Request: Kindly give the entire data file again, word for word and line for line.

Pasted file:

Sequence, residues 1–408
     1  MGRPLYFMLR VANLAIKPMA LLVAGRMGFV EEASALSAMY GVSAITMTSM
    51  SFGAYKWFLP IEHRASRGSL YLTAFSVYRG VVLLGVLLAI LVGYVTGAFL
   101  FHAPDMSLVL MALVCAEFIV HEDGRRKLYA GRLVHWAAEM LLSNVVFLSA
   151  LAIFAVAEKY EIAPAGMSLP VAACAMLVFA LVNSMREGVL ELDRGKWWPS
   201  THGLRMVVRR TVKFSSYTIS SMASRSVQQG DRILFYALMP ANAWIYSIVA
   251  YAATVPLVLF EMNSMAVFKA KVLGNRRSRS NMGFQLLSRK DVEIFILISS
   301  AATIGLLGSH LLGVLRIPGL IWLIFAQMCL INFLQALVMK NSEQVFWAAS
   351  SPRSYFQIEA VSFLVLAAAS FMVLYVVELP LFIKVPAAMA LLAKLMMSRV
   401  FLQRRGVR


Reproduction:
Sequence, residues 1–408
     1  MGRPLYFMLR VANLAIKPMA LLVAGRMGFV EEASALSAMY GVSAITMTSM
    51  SFGAYKWFLP IEHRASRGSL YLTAFSVYRG VVLLGVLLAI LVGYVTGAFL
   101  FHAPDMSLVL MALVCAEFIV HEDGRRKLYA GRLVHWAAEM LLSNVVFLSA
   151  LAIFAVAEKY EIAPAGMSLP VAACAMLVFA LVNSMREGVL ELDRGKWWPS
   201  THGLRMVVRR TVKFSSYTIS SMASRSVQQG DRILFYALMP ANAWIYSIVA
   251  YAATVPLVLF EMNSMAVFKA KVLGNRRSRS NMGFQLLSRK DVEIFILISS
   301  AATIGLLGSH LLGVLRIPGL IWLIFAQMCL INFLQALVMK NSEQVFWAAS
   351  SPRSYFQIEA VSFLVLAAAS FMVLYVVELP LFIKVPAAMA LLAKLMMSRV
   401  FLQRRGVR